Tuesday, October 20, 2015
Review of The Monuments Men by Robert Edsel (Center Street, 2009)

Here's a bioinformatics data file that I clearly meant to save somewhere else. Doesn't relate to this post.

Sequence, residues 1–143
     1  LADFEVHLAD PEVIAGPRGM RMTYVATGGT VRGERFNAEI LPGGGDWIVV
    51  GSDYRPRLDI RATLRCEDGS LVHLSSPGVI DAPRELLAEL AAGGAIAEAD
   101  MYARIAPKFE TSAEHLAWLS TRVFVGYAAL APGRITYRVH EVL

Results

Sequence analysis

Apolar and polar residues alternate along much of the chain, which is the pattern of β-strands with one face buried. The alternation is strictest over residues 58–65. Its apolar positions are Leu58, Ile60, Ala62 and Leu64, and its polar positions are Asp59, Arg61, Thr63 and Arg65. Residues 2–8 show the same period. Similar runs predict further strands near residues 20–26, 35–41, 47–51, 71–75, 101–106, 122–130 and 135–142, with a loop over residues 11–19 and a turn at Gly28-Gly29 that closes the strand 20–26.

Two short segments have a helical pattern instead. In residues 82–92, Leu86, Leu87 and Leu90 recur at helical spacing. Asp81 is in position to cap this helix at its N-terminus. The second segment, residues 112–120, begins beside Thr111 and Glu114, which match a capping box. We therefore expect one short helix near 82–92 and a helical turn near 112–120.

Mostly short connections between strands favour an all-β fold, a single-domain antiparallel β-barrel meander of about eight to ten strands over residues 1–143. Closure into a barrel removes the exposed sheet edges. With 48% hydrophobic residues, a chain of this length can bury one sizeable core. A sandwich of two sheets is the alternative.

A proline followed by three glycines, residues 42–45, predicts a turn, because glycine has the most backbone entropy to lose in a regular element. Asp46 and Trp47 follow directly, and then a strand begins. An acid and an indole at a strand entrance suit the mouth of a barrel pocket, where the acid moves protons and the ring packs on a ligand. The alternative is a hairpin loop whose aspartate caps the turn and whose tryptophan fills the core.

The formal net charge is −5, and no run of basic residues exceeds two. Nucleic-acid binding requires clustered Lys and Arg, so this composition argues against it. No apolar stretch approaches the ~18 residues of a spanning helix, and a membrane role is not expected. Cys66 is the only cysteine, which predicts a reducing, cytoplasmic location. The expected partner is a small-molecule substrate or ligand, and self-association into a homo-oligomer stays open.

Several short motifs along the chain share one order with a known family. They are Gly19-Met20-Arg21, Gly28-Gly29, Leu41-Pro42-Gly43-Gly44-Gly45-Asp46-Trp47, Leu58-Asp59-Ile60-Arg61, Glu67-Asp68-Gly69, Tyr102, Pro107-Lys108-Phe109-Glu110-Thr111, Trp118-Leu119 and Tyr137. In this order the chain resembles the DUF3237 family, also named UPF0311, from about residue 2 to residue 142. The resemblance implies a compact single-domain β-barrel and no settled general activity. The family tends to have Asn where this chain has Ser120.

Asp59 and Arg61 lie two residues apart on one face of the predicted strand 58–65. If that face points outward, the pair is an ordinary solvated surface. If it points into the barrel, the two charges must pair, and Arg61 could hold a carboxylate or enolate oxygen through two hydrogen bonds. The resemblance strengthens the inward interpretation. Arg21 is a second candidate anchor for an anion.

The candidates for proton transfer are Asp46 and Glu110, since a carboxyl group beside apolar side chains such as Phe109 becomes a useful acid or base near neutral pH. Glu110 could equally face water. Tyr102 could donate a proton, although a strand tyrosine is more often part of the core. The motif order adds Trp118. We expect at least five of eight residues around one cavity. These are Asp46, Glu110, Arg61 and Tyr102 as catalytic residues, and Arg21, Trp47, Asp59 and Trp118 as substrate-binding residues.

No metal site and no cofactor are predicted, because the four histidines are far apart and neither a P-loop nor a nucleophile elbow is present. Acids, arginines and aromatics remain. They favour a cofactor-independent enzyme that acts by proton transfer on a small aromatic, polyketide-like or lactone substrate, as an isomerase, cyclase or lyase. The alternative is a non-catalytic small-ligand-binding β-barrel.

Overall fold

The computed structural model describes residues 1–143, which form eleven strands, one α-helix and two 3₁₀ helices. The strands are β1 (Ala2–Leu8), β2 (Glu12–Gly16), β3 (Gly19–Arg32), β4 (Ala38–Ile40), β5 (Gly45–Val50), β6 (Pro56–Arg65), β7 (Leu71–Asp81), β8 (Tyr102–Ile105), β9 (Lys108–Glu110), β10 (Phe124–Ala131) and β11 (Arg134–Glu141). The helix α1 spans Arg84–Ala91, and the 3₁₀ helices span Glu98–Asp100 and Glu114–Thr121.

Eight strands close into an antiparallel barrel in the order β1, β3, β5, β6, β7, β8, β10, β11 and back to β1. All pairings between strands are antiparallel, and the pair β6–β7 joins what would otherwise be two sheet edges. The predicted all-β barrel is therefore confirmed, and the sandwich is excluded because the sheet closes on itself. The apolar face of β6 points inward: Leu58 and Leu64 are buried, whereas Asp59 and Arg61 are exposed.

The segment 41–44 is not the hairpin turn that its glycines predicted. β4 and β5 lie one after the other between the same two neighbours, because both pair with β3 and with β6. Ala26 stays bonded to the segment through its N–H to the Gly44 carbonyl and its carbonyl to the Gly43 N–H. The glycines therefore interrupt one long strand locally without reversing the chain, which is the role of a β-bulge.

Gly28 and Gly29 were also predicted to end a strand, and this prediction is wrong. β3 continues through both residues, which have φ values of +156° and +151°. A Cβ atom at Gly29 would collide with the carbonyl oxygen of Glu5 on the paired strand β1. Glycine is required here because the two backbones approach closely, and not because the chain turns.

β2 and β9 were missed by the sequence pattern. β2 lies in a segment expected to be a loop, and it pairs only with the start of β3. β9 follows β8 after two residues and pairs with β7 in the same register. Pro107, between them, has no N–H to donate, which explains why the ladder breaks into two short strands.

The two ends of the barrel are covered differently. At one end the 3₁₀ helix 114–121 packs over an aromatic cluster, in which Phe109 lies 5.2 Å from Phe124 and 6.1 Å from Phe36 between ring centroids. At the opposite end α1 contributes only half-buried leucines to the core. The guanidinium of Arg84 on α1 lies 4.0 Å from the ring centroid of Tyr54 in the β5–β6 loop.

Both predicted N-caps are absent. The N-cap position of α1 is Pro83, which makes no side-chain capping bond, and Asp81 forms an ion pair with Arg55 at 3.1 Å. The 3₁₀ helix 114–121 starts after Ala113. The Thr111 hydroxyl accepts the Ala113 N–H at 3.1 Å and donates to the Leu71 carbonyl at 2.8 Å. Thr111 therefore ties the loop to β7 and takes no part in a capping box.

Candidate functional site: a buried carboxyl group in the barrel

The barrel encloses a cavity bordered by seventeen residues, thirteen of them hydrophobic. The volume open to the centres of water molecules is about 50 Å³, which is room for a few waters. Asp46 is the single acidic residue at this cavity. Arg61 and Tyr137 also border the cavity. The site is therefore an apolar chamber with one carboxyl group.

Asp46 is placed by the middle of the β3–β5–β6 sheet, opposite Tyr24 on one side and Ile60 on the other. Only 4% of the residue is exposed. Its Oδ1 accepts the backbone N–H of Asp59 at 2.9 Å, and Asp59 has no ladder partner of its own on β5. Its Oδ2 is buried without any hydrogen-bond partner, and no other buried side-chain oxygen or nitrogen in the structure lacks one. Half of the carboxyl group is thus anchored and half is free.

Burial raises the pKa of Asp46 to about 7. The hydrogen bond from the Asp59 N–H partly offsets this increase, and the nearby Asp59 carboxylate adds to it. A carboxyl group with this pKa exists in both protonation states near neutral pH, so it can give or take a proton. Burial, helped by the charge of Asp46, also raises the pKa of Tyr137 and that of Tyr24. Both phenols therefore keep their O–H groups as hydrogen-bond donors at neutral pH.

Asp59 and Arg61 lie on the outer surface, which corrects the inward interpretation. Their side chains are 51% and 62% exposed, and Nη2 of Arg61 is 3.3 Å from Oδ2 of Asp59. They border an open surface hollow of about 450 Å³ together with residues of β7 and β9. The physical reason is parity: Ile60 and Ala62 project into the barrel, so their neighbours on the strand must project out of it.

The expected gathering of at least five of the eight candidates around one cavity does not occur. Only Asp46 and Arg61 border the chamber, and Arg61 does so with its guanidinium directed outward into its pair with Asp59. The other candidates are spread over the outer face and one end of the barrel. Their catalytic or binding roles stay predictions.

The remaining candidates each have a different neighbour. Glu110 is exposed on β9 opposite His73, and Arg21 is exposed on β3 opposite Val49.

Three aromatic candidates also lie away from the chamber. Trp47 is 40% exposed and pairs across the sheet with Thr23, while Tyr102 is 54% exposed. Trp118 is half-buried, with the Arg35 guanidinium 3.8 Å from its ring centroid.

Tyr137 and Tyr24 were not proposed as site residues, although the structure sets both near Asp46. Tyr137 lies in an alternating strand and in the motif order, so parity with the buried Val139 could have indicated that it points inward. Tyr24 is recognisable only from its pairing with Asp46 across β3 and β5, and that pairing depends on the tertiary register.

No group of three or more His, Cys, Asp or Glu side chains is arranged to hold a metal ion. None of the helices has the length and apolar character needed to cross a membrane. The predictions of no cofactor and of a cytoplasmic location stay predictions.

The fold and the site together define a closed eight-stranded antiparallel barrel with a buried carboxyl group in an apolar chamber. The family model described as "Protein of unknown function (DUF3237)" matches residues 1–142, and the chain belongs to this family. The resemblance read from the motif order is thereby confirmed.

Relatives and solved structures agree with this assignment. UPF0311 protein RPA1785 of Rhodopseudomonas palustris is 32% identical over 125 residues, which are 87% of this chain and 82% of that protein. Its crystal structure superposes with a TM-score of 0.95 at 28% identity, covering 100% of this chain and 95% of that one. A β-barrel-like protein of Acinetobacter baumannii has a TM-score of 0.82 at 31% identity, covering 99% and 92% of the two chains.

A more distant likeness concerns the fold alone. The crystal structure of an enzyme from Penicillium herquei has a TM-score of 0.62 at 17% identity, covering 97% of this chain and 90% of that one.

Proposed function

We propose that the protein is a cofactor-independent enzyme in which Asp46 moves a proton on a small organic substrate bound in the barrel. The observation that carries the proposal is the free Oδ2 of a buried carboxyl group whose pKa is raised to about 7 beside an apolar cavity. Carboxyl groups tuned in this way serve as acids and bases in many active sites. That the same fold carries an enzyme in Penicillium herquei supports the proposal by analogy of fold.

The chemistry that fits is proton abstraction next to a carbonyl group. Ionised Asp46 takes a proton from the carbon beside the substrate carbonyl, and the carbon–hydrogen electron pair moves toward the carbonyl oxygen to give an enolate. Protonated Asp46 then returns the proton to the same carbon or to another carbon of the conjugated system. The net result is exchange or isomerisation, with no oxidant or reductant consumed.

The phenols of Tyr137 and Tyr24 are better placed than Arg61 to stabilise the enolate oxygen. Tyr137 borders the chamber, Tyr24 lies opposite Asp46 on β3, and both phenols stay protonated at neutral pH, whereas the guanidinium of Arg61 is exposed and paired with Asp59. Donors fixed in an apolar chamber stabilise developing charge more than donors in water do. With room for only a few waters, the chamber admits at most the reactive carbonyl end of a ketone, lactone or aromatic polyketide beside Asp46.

To try and provide an accessible narrative, Edsel drifts towards a fictional-style telling, and concentrates on a handful of leading characters. This does make the account relatively straightforward to follow, although because he keeps the timeline linear the narrative jumps around between threads quite a bit. It also centres the story on a small number of people and decontextualizes it somewhat from the wider story of art plundering during the war and its recovery and its restitution after the war. This was clearly Edsel’s intention, to focus specifically on the MFAA and the men he casts as heroes in their efforts to save and return priceless art (and initially they were just a handful of men). And they certainly were dedicated, brave and tenacious. Personally, though, I would have liked the story to have a bit more depth with respect to the MFAA beyond the personal narratives and to have been set in the wider context, especially the Nazi efforts to plunder and hide materials, and the various networks and intermediaries involved. The book could have also been improved by removing the unnecessary repetition. Overall, an interesting account of a little known Allied endeavour.